With those poles set, the rest of the record tries to fill in and flesh out what is quickly appearing to become a more mature songwriting style. Songs like “Your Pretty Face Is Going To Hell” (the theme from which Bowie would lift for “The Pretty Things Are Going To Hell” on Hours...), the title track and “Shake Appeal” all further refine The Stooges’ proto-punk sound and “Penetration” and “I Need Somebody” get a little more experimental by factoring a little pop and blues into the band’s equation. In each case, other bands would pick these sounds and structures up and run for miles with them, but it’s sort of cool to hear the starting points here come across as fairly solid to begin with; it’s easy to trace Jon Spencer Blues Explosion back to “I Need Somebody,” but interesting to hear that while JSBX is/was innovative on their own, they had a solid base from which to draw their initial inspiration.
As “Death Trip” closes Raw Power out and finally lets the whole thing fall apart, the result is both satisfying and cathartic. This reissue of Raw Power is satisfying because, unlike so many of the more “adventurous” re-workings of the material, this release stays true to the original; even leaving some of the noticeable flaws (like the clipping that might be from volume or from a little bit of tape left mangled in “Your Pretty Face Is Going To Hell” intact) in place to imply the rough, warts-and-all initial recording process. In most any other context, such sounds would be regarded as a soft or lazy option, but they just suit here and give credence to the storied chaos that surrounded the band and the sessions that ultimately produced the record. This edition of Raw Power is not perfect and would be highly suspect if it was; in this case, the flaws help it feel real.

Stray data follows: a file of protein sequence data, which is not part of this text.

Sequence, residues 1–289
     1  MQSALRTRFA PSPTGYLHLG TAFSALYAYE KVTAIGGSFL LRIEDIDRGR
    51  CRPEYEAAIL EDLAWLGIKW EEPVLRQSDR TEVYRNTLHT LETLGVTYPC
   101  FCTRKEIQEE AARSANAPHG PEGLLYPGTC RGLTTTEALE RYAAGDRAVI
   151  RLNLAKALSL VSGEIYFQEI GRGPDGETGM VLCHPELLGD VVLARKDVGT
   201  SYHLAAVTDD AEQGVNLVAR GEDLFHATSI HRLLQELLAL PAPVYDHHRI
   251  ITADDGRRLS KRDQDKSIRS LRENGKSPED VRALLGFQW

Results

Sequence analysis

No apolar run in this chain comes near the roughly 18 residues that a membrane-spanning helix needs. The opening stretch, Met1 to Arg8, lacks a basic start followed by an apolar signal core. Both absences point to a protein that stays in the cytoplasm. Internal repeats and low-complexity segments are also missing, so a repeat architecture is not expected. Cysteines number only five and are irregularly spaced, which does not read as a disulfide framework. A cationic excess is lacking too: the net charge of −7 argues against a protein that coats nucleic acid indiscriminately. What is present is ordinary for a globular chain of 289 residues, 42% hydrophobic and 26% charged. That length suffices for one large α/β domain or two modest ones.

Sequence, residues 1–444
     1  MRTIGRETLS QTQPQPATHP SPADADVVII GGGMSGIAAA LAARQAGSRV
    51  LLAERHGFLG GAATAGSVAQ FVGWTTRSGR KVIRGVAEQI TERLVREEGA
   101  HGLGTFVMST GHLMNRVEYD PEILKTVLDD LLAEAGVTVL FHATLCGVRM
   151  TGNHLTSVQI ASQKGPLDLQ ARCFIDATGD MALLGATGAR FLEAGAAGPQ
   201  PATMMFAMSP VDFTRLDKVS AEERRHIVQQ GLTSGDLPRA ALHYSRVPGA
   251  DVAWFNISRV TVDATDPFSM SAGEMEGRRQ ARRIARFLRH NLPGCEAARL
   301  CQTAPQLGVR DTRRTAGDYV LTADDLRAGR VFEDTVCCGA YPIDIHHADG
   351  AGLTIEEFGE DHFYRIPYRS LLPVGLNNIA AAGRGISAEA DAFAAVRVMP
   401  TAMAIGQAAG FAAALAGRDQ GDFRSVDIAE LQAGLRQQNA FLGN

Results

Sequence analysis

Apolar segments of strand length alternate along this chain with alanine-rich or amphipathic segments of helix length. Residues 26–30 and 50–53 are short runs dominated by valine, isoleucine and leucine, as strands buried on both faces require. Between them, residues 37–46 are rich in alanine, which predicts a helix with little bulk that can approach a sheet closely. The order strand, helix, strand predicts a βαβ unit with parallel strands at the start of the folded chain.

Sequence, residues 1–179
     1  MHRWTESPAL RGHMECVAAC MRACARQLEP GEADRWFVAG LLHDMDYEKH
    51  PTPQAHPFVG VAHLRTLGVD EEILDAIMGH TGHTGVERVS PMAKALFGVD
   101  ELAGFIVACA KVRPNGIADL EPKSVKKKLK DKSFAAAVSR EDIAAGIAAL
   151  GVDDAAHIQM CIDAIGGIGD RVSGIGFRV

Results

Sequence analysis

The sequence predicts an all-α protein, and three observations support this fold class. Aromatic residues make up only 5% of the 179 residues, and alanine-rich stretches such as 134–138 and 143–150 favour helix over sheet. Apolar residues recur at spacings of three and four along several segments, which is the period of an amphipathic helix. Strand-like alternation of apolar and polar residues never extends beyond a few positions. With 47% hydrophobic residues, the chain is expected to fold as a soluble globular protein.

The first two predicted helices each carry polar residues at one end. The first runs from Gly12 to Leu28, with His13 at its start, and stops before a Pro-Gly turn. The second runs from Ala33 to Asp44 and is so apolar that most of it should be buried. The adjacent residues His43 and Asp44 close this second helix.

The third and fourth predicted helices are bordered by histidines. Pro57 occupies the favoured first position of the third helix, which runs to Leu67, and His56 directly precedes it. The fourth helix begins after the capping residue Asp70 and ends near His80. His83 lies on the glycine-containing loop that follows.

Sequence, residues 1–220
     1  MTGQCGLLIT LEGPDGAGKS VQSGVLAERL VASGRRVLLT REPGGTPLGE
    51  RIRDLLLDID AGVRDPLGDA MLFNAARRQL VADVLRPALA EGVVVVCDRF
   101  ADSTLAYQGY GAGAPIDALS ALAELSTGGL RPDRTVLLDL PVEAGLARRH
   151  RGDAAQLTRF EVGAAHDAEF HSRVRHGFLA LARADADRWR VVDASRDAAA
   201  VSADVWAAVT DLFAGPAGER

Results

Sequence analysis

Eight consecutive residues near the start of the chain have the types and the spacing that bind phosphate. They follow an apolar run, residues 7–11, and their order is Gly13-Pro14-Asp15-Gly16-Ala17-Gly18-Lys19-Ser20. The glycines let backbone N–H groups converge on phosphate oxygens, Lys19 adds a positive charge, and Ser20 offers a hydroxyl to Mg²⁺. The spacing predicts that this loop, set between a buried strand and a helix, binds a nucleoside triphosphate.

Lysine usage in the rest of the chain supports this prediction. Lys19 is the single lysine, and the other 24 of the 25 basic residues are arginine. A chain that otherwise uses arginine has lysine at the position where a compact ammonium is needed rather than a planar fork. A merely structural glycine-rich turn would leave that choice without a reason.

That aforementioned chaos is brought into dripping technicolor on the second disc included here. Recorded live at Richard in Atlanta, GA in October 1973, Georgia Peaches (the name often given to this set in previous partial releases) features The Stooges in rare form for the time; very aggressive but also very soulful (thanks in part, perhaps, to Scott Thurston’s Motown-on-PCP keyboards), the band is regularly in a stance that makes Iggy seem as though he could kiss members of the audience or kill them (it’s a little laughable when listeners hear catch a woman at the show say, “I don’t think he likes us very much.”) as they blaze through a set that consists largely of songs from Raw Power, but also a few rare gems like “Cock In My Pocket” that are certainly worth the price of admission and show that The Stooges were still a creative body even as they neared their end. Hissing and spitting to their last, The Stooges were known for going down swinging, and Georgia Peaches clinches it.
So is this reissue of Raw Power really all that much different form all the other versions released over the years? For my money, I’d say it is – not for any bells or whistles, but because the light clean-up done to the original production shows how good it was in the first place; with the use of just a bit of technology (look out honey), the Legacy Edition presents the original idea of Raw Power as well as the molten performance of it live clean and crisp. It could have been recorded yesterday – and if anything says a record is classic, that’s it.